Getting recruitment selection correct is such an important thing. It’s a costly and time consuming game even before you’ve made any job offer. Add to that the potential of recruiting the wrong person and the significance of getting it wrong escalates rapidly.
With this in mind I continue to find it surprising how many managers I meet who have never received any formal input on the subject. This is especially the case when there are some very simple things that can be learnt which make a load of difference to the end result and your ability to recruit the ideal candidate.
Here are my top three tips to help you add a little polish to your interview technique.
Stop selling the job up front
Do yourself a favour and stop selling the job at the top of the interview. Yes, of course we need to provide the candidates with a good understanding of the role but it’s actually critical that you do this towards the end of the interview not the beginning.
The reason is simple, the more you give away about the job before asking any questions about their competence, the easier you are making it for them to say what they think you want to hear. Just switch the order, making sure you don’t talk much about the role until you have completed all your questioning.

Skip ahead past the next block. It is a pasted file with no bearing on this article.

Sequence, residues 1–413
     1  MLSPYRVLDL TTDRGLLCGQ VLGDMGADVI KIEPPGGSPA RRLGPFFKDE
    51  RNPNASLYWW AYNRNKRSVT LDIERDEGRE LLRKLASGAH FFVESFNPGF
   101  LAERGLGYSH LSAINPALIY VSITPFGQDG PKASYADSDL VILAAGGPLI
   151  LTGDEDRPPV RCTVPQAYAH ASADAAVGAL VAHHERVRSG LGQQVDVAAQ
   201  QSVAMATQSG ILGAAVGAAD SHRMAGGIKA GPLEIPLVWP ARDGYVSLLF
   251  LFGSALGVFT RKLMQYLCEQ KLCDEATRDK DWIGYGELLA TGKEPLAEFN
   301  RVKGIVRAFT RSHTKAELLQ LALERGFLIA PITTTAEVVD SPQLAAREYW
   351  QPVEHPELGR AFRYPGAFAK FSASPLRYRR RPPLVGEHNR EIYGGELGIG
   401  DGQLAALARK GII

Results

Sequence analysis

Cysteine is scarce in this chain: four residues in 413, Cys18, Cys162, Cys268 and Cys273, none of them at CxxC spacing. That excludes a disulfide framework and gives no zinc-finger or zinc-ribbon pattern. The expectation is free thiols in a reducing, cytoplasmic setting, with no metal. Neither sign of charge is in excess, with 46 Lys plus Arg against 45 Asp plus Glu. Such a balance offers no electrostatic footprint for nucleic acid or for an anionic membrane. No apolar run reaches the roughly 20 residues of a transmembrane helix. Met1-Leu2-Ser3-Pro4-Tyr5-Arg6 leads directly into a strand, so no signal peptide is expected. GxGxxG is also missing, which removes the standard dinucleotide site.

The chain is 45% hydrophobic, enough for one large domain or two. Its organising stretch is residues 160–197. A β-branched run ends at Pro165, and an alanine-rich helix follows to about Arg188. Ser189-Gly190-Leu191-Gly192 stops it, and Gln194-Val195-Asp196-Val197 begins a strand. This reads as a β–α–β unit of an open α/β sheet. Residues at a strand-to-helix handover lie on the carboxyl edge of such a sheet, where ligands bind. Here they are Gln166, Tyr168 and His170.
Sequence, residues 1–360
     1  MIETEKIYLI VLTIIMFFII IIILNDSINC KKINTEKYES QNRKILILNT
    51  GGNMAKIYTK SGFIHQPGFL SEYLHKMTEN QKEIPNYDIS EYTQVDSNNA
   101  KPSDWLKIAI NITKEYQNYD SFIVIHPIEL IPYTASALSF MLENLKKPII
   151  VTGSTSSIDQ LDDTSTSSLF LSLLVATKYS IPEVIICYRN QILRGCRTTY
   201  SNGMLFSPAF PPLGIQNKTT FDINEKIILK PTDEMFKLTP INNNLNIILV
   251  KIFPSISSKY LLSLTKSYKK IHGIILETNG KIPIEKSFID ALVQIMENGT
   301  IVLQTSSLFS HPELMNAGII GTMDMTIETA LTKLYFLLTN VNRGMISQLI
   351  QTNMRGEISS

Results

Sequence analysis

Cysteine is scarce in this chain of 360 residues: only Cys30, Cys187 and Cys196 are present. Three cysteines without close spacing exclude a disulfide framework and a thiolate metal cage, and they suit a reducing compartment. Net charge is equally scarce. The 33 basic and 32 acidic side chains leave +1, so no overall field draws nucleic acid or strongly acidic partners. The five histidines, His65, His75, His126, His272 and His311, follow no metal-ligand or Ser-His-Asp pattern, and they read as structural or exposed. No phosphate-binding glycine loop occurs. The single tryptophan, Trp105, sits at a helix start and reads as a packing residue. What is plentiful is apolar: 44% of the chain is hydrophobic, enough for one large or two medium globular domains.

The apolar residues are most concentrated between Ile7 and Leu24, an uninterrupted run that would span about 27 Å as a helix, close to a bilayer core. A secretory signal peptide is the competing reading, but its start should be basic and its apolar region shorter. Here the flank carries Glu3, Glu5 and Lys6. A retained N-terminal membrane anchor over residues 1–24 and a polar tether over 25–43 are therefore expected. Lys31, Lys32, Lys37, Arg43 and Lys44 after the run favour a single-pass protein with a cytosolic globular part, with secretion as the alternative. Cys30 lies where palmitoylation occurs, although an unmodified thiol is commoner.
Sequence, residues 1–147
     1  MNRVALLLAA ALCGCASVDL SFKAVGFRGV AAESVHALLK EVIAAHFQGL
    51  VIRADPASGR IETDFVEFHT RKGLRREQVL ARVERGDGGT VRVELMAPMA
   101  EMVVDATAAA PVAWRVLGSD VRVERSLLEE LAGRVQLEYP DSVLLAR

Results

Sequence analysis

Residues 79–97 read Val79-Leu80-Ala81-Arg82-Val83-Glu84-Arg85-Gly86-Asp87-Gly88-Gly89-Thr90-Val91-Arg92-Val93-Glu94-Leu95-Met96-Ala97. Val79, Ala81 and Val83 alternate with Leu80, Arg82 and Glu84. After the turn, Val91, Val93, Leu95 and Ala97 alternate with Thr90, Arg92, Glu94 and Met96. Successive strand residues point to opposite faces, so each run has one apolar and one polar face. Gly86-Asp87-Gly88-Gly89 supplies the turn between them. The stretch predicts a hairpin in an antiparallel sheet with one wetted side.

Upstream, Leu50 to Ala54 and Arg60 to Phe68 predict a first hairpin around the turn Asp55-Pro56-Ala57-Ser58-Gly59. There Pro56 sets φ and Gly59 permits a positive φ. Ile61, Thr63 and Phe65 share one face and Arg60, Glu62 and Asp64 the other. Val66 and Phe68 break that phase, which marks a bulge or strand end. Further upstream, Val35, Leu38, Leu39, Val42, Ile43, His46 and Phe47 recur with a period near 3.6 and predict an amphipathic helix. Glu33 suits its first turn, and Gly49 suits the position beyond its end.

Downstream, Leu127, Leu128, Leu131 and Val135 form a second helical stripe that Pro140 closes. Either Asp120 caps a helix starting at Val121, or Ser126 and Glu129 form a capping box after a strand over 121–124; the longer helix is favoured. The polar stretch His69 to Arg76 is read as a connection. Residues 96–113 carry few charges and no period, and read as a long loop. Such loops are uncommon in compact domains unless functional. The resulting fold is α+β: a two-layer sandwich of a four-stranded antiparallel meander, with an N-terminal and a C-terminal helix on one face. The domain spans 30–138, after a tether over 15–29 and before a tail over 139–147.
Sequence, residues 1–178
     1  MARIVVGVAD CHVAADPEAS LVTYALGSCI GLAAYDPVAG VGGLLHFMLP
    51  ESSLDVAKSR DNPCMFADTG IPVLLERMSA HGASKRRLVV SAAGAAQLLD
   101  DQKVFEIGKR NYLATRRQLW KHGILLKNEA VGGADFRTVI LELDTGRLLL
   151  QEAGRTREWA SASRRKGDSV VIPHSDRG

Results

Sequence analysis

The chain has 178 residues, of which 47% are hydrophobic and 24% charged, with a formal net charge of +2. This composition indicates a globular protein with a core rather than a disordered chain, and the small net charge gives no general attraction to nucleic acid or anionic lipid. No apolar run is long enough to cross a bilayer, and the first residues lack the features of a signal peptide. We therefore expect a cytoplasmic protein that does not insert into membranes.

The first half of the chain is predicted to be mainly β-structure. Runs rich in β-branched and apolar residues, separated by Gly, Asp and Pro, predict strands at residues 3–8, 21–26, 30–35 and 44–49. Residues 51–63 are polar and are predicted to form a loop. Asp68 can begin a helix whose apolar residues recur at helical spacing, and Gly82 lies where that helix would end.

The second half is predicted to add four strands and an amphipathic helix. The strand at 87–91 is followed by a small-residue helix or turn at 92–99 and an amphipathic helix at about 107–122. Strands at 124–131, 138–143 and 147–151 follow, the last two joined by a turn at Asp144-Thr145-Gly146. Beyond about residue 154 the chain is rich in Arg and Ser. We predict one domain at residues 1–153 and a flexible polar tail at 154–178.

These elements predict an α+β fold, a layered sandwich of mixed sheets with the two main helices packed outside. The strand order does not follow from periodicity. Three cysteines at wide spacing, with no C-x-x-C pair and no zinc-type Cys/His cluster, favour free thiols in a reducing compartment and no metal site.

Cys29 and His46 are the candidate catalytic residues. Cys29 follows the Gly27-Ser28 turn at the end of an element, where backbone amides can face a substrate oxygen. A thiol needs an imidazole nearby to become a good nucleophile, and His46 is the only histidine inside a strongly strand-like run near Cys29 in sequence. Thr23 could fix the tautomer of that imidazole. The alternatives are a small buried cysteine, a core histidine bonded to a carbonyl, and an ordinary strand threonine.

Following trait based answers with a good strong behavioural question
Another essential is to pick up on any candidate trait based answers. For example when they might say “I’m a real people person”. It’s a piece of information, but it does not help you understand whether they do have good people skills or not. It’s their opinion, nothing more. Make it a habit to respond to these comments by asking a good strong behavioural question that drives them towards giving a concrete example. So, you could follow “I’m a people person” with the question “Tell me about a situation where that’s been evident?”.
Score the quality of your candidates answers
Assessment will always be easier if you apply some logic to your candidate scoring. It doesn’t have to be complicated. Rating the answers to each question gives you so much more clarity of comparison when you sit back and start to assess all the candidates you have interviewed. Predetermine a scale like ‘strong answer; OK answer, weak answer’ or just use a 5 to 1 rating. A simple table comparison of candidates responses against the list of questions will serve you very well as you discuss and compare one with another.